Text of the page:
If the underlying stable-coins fall below their $1 peg, the DUSD system becomes under-collateralised. To offset this risk, DUSD has a native staking mechanism. It’s possible to stake DUSD with the system which acts as additional collateral for the DUSD coins that are in free circulation (not staked). In the event of peg failure of the underlying stablecoin assets, the stakers act as buyers of the last resort in the DUSD system. Therefore, the success and stability of this algorithmic token largely depends on the willingness of the community to stake DUSD.
It is possible to mint DUSD with BUSD, USDT and USDC. DefiDollar directs all of the earnings to the DefiDollar Savings Account to offer higher APYs and attract more capital to DUSD. Besides, it has practical utility on the Playcent gaming and Dapp platform. Namely, DUSD holders can access game assets, subscriptions and in-app purchases.
The price of this stablecoin index has deviated from the peg in the past. Its historic price range varies from $0.55 to $1.35. Currently, as market sentiment sank low, DUSD trades a little below the peg, at $0.94.
Another algorithmic stablecoin is called Frax. Its underlying mechanism is even more complex than the previous projects. This hybrid cryptocurrency is partially backed by collateral and partially stabilised algorithmically. The Frax protocol is a two token system encompassing a stablecoin, Frax (FRAX), and a governance token, Frax Shares (FXS). The protocol also has a pool contract which holds USDC collateral. Pools can be added or removed with governance.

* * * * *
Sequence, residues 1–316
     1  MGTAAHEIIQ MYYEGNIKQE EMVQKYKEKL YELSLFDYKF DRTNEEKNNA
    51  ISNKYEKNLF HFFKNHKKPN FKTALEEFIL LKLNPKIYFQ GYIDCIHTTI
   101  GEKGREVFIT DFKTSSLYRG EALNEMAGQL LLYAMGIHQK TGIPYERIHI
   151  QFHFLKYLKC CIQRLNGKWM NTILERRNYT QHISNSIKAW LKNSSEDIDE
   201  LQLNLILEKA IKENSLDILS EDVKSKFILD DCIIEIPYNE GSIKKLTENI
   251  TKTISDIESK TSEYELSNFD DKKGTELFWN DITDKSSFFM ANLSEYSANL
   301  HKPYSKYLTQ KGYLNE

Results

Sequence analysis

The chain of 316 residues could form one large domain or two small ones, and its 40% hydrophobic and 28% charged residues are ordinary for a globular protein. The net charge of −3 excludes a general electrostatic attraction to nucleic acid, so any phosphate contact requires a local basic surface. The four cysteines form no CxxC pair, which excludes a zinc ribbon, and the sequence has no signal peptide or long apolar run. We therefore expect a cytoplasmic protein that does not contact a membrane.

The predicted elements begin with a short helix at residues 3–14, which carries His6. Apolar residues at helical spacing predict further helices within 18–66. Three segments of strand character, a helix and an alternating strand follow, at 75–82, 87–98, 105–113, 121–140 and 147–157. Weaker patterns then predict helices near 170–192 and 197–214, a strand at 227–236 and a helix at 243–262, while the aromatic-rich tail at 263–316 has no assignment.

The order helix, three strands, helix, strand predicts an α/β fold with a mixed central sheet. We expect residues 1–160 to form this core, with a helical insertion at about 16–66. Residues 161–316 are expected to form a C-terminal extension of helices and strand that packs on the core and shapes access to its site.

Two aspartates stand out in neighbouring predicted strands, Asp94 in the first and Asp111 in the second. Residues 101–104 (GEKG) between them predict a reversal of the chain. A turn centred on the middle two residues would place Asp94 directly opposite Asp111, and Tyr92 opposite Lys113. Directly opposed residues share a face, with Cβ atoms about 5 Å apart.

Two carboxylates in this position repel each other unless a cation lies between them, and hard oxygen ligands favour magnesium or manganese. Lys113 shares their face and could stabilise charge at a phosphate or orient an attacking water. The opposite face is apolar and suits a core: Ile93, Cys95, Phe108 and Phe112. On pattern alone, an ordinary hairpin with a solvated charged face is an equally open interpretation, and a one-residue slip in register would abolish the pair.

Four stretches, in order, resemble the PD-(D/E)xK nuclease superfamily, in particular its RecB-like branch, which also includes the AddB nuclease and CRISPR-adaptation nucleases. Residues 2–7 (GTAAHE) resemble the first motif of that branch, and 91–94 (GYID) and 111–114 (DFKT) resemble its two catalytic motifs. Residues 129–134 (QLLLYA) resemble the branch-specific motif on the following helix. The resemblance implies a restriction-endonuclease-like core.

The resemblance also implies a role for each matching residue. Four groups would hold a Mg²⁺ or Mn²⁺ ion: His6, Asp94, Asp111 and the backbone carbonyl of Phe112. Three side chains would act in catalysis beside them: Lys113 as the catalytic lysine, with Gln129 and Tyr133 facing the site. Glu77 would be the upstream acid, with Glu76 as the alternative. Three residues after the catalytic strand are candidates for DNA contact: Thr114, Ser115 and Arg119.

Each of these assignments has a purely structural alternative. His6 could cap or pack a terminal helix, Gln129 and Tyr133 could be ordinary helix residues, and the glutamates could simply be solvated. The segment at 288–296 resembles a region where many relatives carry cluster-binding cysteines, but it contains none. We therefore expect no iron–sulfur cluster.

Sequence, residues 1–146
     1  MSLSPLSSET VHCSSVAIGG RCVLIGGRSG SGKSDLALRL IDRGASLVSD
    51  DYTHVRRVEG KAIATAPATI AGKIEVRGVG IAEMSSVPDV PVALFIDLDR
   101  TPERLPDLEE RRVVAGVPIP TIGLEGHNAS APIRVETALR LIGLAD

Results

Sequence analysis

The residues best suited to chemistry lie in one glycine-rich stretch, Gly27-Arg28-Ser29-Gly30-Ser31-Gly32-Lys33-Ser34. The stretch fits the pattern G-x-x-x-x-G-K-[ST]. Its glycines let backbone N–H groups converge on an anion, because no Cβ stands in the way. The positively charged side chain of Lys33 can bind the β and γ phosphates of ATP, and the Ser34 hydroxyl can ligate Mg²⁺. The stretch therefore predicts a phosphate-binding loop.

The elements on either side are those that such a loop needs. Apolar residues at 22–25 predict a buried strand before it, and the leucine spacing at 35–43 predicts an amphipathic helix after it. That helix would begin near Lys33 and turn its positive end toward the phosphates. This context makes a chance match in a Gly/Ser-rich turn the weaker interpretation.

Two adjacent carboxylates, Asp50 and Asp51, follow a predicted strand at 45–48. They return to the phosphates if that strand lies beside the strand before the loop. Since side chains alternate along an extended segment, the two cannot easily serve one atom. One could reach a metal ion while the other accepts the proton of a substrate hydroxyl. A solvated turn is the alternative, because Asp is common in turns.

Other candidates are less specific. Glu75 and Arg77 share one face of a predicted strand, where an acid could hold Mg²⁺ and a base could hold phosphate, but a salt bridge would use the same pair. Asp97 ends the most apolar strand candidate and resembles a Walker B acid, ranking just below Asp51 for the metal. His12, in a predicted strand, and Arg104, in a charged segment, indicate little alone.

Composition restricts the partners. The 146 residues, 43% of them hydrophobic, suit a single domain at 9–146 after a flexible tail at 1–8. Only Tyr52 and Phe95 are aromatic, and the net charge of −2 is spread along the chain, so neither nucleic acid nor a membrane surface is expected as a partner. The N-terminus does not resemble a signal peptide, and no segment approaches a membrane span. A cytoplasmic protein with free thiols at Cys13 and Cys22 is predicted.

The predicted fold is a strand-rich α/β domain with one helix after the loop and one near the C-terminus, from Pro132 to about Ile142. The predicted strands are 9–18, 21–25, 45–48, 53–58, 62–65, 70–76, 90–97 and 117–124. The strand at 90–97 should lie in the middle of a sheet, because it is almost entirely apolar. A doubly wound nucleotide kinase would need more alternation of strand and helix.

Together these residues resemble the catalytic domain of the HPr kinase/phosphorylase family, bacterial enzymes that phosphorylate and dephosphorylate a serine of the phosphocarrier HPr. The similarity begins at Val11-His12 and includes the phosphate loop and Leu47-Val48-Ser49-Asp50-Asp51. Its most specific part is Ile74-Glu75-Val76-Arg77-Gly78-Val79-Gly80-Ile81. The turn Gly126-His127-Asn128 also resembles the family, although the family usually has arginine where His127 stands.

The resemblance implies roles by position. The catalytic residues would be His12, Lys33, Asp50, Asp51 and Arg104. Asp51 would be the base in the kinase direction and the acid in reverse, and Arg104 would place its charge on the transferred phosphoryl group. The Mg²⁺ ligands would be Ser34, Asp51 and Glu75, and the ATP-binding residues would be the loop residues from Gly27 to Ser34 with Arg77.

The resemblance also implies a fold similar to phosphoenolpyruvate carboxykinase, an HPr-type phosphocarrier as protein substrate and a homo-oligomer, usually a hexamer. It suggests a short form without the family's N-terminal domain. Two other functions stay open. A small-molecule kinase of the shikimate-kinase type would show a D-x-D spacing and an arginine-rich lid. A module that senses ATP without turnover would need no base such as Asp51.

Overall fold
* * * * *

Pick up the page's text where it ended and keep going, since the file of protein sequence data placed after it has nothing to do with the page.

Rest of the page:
The amount of collateralisation is not constant. The team believes that as FRAX adoption increases, users will be more comfortable with a higher percentage of FRAX supply being stabilised algorithmically rather than with collateral. The collateral ratio refresh function in the protocol can be called by any user once per hour. The function can change the collateral ratio by .25% if the price of FRAX is above or below $1. When FRAX is above $1, the function lowers the collateral ratio by one step and when the price of FRAX is below $1, the function increases the collateral ratio by one step.
The token has kept its relative stability so far. However, as more risks arise, it would eventually move to a predominantly algorithmic stabilisation mechanism.
Neutrino USD (USDN) is an algorithmic stablecoin pegged to the US dollar and backed by WAVES. Its supply can expand and contract by burning or minting WAVES, the native token of the proof-of-stake Waves protocol. Leveraging the staking model of the Waves protocol’s underlying consensus algorithm, USDN staking yields rewards of up to ~ 15% APY. Back in April, it already was on the brink of failure, losing about 20% off its peg. Although USDN has regained an acceptable value since then, its stability is still questionable.